Neil Best first worked at Newsday in 1982, then returned in 1985. His SportsWatch column debuted in 2005.
'Goon' packs a punch
Jay Baruchel might be the most knowledgeable hockey fan in the movie business, a guy who when you bring up his beloved Canadiens thanks you for asking, then launches into a disquisition about the team's history and current roster.
So he understands the complicated subject of hockey fighting in general and fighters in particular, and why "Goon,'' the film he helped write and in which he appears, has stirred controversy in his native Canada. Still, he wishes people would chill.
"What we did was focus on arguably the least understood position in all of pro sports, that of the hockey enforcer," he said Friday. "It was my chance to give these guys their moment in the sun, because I see nothing but beauty in what they do . . . It's neither anti nor pro. I think our movie is a celebration of the boys that do this tough job."
The violent inspired-by-a-true story comedy focuses on Doug Glatt, played by Seann William Scott, a skilled fighter and unskilled skater trying to make it in hockey's raunchy minor leagues.
Liev Schreiber plays a veteran enforcer quite credibly for a guy who never had skated seriously before and whose training camp was "horrible."
"There are muscles in my legs and groin I never knew existed I was suddenly acutely aware of," he said. "But after the first three weeks, it started to get better very, very fast and I really started to love it."
The movie was released on video on demand Friday and hits theaters March 30.
'Voice of God' inspired voice of HBO
Like everyone who watches HBO documentaries, I have been listening to Liev Schreiber's disembodied voice since the mid-1990s. On Friday, I met him in the flesh and learned of an interesting inspiration for his work as a narrator.
Though Schreiber never has been much of a fan, he said narrating dozens of sports shows, including "Hard Knocks" and "24/7," has helped him appreciate the games more.
"I think of the entire body of my work that's some of the stuff I'm most proud of and actually had the least to do with,'' he said of HBO's documentaries. What is his favorite? He said he has a "really special place in my heart" for 2010's "Magic & Bird, A Courtship of Rivals."
"Larry Bird is this kind of stoic, competitive, aggressive guy," he said, "and that point in the show they get to when Magic says, 'After all we'd been through, the first guy to call me when I got sick was Larry,' that just knocked me out.''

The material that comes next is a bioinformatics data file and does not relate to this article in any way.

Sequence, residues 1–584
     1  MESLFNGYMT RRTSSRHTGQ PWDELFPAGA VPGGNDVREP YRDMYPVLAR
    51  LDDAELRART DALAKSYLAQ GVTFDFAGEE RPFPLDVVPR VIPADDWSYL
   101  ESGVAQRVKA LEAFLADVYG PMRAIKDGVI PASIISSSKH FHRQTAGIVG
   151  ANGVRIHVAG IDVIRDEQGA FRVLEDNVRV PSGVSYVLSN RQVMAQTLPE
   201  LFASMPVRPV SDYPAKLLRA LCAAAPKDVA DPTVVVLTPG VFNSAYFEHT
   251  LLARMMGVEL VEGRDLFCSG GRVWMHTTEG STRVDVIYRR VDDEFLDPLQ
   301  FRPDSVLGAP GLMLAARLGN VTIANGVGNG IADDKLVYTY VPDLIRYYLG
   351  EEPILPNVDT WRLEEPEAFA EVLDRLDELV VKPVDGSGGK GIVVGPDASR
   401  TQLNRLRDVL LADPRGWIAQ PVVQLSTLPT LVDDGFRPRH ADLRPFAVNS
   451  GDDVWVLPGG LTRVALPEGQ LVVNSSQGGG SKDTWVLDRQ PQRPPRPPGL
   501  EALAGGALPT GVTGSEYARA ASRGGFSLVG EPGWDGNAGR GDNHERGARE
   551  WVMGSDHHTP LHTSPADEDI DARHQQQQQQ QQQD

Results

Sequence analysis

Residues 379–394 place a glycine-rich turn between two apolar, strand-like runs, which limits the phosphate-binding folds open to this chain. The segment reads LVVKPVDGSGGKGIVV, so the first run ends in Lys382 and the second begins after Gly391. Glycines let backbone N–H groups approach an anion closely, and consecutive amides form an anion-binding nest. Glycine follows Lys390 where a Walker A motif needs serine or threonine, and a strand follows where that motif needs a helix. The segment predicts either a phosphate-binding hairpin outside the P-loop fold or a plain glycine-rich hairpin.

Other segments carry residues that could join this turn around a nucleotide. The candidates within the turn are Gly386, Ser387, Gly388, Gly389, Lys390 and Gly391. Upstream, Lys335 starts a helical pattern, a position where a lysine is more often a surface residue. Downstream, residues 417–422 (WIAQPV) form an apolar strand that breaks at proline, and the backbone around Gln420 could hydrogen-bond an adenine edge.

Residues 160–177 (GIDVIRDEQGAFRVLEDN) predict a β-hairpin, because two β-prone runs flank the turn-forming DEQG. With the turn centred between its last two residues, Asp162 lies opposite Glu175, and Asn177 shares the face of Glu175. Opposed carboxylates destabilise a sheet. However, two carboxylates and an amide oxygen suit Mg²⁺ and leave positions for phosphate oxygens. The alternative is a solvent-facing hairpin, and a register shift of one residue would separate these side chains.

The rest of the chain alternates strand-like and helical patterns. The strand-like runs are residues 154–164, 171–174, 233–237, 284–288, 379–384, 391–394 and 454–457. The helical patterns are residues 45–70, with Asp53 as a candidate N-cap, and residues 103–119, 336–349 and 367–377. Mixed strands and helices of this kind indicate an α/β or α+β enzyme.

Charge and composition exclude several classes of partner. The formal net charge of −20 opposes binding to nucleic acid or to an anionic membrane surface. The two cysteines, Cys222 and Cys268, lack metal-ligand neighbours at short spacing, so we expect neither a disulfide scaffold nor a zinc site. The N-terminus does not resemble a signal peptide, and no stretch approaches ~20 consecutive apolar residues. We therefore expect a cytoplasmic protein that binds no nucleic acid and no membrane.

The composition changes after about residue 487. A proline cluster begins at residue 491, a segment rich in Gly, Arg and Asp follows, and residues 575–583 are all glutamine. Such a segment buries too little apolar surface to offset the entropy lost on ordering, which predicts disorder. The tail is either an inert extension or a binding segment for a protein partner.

The scoop on Lin
He's wowed the globe over the past three dizzying weeks, but this might be the best sign yet that it is Jeremy Lin's world, and the rest of us are just living in it:
Ben & Jerry's is selling a limited-release, limited-time flavor at its store in Harvard Square in recognition of the Harvard alum and Knicks point guard. It is called "Taste the Lin-Sanity" and according to The Boston Globe, it features vanilla frozen yogurt and lychee honey swirls, and comes with a fresh waffle cookie on the side that can be crumbled into the mix if desired.
The waffle cookie replaced early batches that included "fortune cookie pieces" blended into the yogurt. Uh, oh.
The Globe reported that the company rethought that idea in part because of criticism over trading on Lin's Asian ancestry, and in part because of complaints the cookie pieces were getting soggy.
Upton is a model fan
Jeremy Lin's two-week stay on Sports Illustrated's cover actually is part of a larger, three-issue run for the Knicks -- sort of. Before Lin hit the cover, it featured model Kate Upton, who fronted the annual Swimsuit Issue.
Upton is based in New York and is a regular at the Garden, including Lin's 38-point outing in a Feb. 10 victory over the Lakers. She also was there for the Rangers' opener in October and professional bull riding in January. And, like Lin, she has appeared on MSG, for which she hosted a summer music series last year.
On Friday, Nielsen said Lin's N-Score -- a measure of endorsement potential -- was 102, higher than Kobe Bryant (90) or LeBron James (84). Of Americans, 19 percent are aware of Lin and 30 percent of those said they "like him a lot."